When Sanders Commings first arrived on campus three summers ago, Georgia coaches were in a dilemma about what to do with the former Westside-Augusta star.
Which position would he play?
Even head coach Mark Richt admitted that turned out to be a thorny decision to make.
At 6-foot-2 and 212 pounds, Commings had the build to be a prototypical safety. But as he was able to quickly prove, he had the speed, hips and flexibility to play cornerback as well.
But wonder no longer.
Not only is Commings getting considerable playing time at corner opposite junior Brandon Boykin, but he's since overtaken senior Vance Cuff for the other starting role.
By the looks of his recent efforts, Commings isn't about to surrender the job anytime soon.
Entering Saturday night's game at Kentucky, Commings has established himself as a big-time playmaker in the Bulldog secondary where he currently ranks fourth on the team in tackles with 24 and interceptions with two.
"He's a guy that you aren't sure if he's a safety or if he's a corner. He has that body type where he's big enough and physical enough to be a safety. We have a good many safeties right now. We have some guys who we think can play with (Alec) Ogletree coming in and Nick (Williams) staying at safety," Richt said. "You have Jakar (Hamilton) coming in, so it kind of freed us up to move him to corner. He has the skills to play corner. He has good ball skills. He's very athletic, he's fast and you want bigger corners if you can get them."
Secondary coach Scott Lakatos certainly agrees with that.
When he first arrived from Connecticut, Lakatos talked in depth about wanting to recruit taller corners to Georgia. Little did he initially know that one was already at his disposal.
"Those are things he's bringing, and he's learning, too. He's still a youngster," Lakatos said. "The good thing about him, he understands what's going on around him, he asks good questions."
Commings certainly isn't complaining about how his career has started out.
"They told me that I could play corner or safety when I came in, so I was pretty much open to anything. My freshman year, I played a little bit of both. My redshirt freshman year, I started at safety and then towards the end of the season, I started to work in at corner," Commings said. "Since then, I've been at corner. I think that the positions are very similar. I feel like playing safety is just like playing corner except with a little bit more space between your man. If I had to pick one, I think that I'd want to play corner."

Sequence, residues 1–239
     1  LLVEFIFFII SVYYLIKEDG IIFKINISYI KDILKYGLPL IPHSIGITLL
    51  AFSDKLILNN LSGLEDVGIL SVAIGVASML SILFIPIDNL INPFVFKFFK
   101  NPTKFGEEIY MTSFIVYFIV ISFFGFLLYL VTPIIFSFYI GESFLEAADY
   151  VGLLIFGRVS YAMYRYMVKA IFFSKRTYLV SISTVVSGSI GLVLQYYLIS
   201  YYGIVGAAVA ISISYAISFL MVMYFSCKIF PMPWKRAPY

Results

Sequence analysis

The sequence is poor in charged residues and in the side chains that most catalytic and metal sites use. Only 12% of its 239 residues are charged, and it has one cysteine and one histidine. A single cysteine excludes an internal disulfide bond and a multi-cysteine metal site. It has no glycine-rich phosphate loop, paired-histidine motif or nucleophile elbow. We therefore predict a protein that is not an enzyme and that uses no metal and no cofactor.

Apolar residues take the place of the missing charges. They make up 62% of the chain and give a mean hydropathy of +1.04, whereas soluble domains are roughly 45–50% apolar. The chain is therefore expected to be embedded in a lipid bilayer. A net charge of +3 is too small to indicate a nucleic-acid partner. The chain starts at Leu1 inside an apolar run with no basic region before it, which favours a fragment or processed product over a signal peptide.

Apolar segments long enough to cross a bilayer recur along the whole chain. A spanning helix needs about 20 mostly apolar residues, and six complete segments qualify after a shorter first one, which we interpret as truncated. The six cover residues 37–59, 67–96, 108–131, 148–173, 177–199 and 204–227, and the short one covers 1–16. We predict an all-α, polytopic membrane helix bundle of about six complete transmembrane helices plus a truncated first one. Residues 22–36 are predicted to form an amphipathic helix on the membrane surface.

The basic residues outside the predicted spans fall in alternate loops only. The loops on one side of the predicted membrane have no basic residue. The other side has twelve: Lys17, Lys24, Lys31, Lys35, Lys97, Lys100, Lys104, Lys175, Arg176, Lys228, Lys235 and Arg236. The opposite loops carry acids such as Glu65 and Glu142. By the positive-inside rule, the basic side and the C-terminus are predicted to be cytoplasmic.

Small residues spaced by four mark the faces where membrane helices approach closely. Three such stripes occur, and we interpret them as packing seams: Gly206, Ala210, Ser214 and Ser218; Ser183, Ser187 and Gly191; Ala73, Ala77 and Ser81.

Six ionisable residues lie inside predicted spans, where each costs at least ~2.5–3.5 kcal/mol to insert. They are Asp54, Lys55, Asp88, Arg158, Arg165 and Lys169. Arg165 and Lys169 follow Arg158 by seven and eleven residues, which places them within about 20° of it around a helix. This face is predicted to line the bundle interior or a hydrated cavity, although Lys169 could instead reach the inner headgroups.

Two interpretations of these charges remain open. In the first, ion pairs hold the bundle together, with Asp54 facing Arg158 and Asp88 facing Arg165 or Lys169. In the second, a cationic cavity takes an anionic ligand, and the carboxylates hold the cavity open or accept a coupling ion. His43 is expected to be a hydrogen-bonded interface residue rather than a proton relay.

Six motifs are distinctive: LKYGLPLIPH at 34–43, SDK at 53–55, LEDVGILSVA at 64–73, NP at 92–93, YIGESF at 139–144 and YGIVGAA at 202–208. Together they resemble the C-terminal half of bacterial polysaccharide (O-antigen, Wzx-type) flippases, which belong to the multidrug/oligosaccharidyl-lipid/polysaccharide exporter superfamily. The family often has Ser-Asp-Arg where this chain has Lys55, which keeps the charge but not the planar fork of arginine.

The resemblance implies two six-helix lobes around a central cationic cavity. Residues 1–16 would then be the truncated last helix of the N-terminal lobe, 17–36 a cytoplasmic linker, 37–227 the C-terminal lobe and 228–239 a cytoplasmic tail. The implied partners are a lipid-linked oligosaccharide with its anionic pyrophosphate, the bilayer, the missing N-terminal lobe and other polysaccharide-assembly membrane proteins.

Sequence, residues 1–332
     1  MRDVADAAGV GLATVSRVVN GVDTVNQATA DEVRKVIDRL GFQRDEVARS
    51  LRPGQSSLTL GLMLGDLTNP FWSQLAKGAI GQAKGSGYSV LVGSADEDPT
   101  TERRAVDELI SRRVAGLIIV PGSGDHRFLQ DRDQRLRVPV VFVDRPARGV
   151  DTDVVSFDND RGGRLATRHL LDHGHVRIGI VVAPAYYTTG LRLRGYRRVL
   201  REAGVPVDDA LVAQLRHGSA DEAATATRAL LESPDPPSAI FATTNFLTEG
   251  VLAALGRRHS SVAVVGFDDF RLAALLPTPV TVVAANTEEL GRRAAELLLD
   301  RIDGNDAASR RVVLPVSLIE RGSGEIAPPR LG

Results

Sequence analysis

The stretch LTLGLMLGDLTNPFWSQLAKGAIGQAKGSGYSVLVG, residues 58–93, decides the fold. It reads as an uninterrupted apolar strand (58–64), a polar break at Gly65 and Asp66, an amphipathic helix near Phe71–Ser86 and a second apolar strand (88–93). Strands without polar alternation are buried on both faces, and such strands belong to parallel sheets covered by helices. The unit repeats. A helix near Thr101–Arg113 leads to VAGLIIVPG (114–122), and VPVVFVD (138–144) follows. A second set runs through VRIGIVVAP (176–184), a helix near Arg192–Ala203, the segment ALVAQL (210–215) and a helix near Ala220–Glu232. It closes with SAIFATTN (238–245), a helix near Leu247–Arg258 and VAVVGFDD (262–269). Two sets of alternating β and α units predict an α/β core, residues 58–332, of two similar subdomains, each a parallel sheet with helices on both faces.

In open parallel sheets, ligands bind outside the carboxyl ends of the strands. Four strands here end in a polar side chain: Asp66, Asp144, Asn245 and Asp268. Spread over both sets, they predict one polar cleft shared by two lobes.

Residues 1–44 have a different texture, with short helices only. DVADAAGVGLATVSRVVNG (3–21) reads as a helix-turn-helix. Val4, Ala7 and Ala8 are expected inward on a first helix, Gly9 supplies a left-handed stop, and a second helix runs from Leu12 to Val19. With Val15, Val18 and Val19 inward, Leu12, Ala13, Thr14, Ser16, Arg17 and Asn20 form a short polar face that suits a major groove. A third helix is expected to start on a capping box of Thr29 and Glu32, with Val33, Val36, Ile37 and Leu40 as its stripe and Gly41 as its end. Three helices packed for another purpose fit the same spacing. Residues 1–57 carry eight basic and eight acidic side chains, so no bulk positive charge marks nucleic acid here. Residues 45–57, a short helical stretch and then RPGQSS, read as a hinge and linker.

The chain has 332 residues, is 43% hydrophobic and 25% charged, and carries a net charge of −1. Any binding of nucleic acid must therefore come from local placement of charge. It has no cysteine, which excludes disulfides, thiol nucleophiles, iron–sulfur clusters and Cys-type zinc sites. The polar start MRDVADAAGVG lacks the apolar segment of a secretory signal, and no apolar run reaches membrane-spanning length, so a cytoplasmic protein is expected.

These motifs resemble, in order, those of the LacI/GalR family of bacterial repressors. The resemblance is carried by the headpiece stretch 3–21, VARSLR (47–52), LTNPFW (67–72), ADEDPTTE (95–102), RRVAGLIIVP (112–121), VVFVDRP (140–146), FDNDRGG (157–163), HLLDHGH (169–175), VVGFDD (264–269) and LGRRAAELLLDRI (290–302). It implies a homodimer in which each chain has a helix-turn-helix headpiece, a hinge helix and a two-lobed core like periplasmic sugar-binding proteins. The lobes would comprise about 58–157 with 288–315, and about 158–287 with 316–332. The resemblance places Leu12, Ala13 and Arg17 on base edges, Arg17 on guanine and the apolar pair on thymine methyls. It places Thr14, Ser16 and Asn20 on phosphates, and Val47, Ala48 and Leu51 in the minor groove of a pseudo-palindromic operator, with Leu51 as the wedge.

Based on his present results, don't look for Commings to move anytime soon.
His interception last week against Vanderbilt helped Georgia win the all-important turnover battle for the second week in a row.
"We were hoping that he would just gain confidence as he went and be able to start making plays for us and be able to match up against pretty good sized receivers. He's done all those things, but I think he's done it through listening to coach (Scott) Lakatos, trying to do it exactly the way he says do it. He's earned himself a lot of playing time."
Strange thing is, Commings went about it in somewhat of a different way.
Whenever Commings would get into games, his intensity level and focus would rise past the level that he typically showed in practice.
Once he was able to show Lakatos he could practice the same way, the starting job became his.
"He basically told me to practice like I play," Commings said. "He thought my effort in the game was a lot better than what I had been showing,, so once I started going harder in practice, my opportunity came."
Lakatos laughed that he hasn't given Commings any special words of wisdom since inserting him into the starting role.
"I didn't tell him anything, I just moved him in there. He just started to practice harder, started to be sharper mentally and communicate better with everybody," Lakatos said. "He's deserved the chance to play."
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